He was Editor of the journal Psychoanalysis and History 2005-14.[7]

Thinking in Cases, the volume that contains 'If P then what' and other essays on the case, came out soon after his death.

His final book, Freud in Cambridge (co-authored with Laura J. Cameron), was finished before his death, and was published in 2017 by Cambridge University Press. Sander L. Gilman said of it 'this is one of the most important books on twentieth-century British intellectual history I have read in a long time.'

Personal life

Forrester was married to Lisa Appignanesi; their daughter is Katrina Forrester, an assistant professor in political theory at Harvard; his step-son is the filmmaker Josh Appignanesi. He died on 24 November 2015 of cancer.[8]

Further reading

  • Forrester, John and Laura Cameron (2017) Freud in Cambridge, Cambridge: CUP
  • Forrester, John (2016) Thinking in Cases, Cambridge: Polity Press
  • Forrester, John (1980) Language and the Origins of Psychoanalysis London: Macmillan/New York: Columbia University Press
  • Forrester, John (1990) The Seductions of Psychoanalysis. Freud, Lacan and Derrida Cambridge: Cambridge University Press
  • Appignanesi, Lisa and Forrester, John (1992) Freud's Women London: Weidenfeld & Nicolson; 3rd edition (Orion) 2005
  • Forrester, John (1997) Dispatches from the Freud Wars. Psychoanalysis and its Passions Cambridge: Harvard University Press, ISBN 978-0-674-53960-0.
  • Forrester, John (1997) Truth Games. Lies, Money, and Psychoanalysis Cambridge, MA: Harvard University Press, ISBN 0-674-53962-1
  • Lacan, Jacques, The Seminar. Book I. Freud’s Papers on Technique. 1953-54, edited by Jacques-Alain Miller, translated with notes by John Forrester, Cambridge: C.U.P/New York: Norton, 1988.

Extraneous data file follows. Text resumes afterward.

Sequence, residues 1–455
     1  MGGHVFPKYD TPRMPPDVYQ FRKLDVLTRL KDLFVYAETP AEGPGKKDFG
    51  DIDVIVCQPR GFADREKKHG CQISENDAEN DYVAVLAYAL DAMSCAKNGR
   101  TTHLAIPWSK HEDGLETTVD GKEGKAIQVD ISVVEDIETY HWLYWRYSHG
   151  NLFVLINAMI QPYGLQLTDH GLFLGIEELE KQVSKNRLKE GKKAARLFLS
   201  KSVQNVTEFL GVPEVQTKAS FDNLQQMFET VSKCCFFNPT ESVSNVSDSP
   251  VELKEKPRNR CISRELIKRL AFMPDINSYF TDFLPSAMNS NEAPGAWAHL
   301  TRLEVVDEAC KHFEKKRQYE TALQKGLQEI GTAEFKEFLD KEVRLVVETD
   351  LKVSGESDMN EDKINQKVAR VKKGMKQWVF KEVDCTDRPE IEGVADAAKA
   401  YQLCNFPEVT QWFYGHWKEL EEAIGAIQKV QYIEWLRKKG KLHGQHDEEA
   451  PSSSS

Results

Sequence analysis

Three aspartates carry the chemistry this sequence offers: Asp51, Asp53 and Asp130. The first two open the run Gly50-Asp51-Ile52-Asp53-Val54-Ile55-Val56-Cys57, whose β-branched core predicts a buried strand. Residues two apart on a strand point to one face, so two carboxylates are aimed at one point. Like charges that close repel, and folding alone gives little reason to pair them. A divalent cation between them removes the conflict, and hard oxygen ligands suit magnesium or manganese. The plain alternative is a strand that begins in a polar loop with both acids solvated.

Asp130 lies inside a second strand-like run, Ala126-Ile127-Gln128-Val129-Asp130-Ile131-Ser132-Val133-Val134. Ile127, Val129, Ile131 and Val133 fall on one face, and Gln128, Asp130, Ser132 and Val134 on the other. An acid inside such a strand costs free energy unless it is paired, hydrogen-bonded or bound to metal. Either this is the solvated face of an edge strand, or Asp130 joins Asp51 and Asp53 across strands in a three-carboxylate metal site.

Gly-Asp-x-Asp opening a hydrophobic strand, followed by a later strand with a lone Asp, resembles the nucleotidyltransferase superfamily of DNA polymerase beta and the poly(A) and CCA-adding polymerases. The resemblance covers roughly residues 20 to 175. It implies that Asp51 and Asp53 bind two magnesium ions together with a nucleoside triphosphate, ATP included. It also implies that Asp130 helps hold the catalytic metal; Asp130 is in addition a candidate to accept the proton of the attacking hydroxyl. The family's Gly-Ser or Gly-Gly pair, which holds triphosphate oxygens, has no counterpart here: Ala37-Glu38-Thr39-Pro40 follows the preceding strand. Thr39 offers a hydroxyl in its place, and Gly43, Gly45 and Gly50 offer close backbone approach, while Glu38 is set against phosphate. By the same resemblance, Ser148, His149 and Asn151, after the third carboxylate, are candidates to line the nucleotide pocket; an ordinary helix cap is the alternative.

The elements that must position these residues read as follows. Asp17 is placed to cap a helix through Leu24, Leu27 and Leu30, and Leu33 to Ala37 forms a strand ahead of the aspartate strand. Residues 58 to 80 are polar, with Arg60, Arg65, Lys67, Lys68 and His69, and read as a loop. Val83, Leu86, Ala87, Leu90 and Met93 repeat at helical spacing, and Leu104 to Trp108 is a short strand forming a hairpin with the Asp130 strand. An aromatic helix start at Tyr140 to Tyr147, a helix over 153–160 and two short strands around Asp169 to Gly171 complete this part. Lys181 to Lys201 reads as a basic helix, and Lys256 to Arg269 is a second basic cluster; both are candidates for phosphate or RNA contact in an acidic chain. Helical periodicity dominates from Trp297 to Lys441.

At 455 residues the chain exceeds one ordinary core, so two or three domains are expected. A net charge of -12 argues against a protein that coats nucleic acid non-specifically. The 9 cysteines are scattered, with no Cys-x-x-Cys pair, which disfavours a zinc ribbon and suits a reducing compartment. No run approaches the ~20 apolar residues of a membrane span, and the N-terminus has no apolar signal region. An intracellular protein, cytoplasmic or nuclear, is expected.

• Lacan, Jacques, The Seminar. Book II. The Ego in Freud’s Theory and in Psychoanalytic Technique 1954-55, edited by Jacques-Alain Miller, translated by Sylvana Tomaselli with notes by John Forrester, Cambridge: C.U.P./New York: Norton, 1988.

External links


  1. ^ The Independent 17 May 2002 'What Freud, Einstein and Wittgenstein thought about the truth of psychoanalysis' Retrieved 4 August 2010
  2. ^ "HPS: John Forrester". Department of History and Philosophy of Science, Cambridge University. Retrieved 2010-08-03.
  3. ^ Dispatches from the Freud Wars. Psychoanalysis and Its Passions By John Forrester.
  4. ^ "Dispatches from the Freud wars: psychoanalysis and its passions". Med Hist. 44 (3): 418–421. 2000. PMC 1044301.
  5. ^ History of the Human Sciences 9 No. 3 (1996): 1-25
  6. ^ Laura Cameron. Department of Geography and Planning, Queen's University.
  7. ^ "Editorial Board – Psychoanalysis & History". Edinburgh University Press. Retrieved 2010-08-03.
  8. ^ Professor John Forrester: Philosopher and historian widely celebrated for his work on Sigmund Freud and much-loved as an inspiring teacher

This page was last updated at 2019-11-13 13:47 UTC. Update now. View original page.

All our content comes from Wikipedia and under the Creative Commons Attribution-ShareAlike License.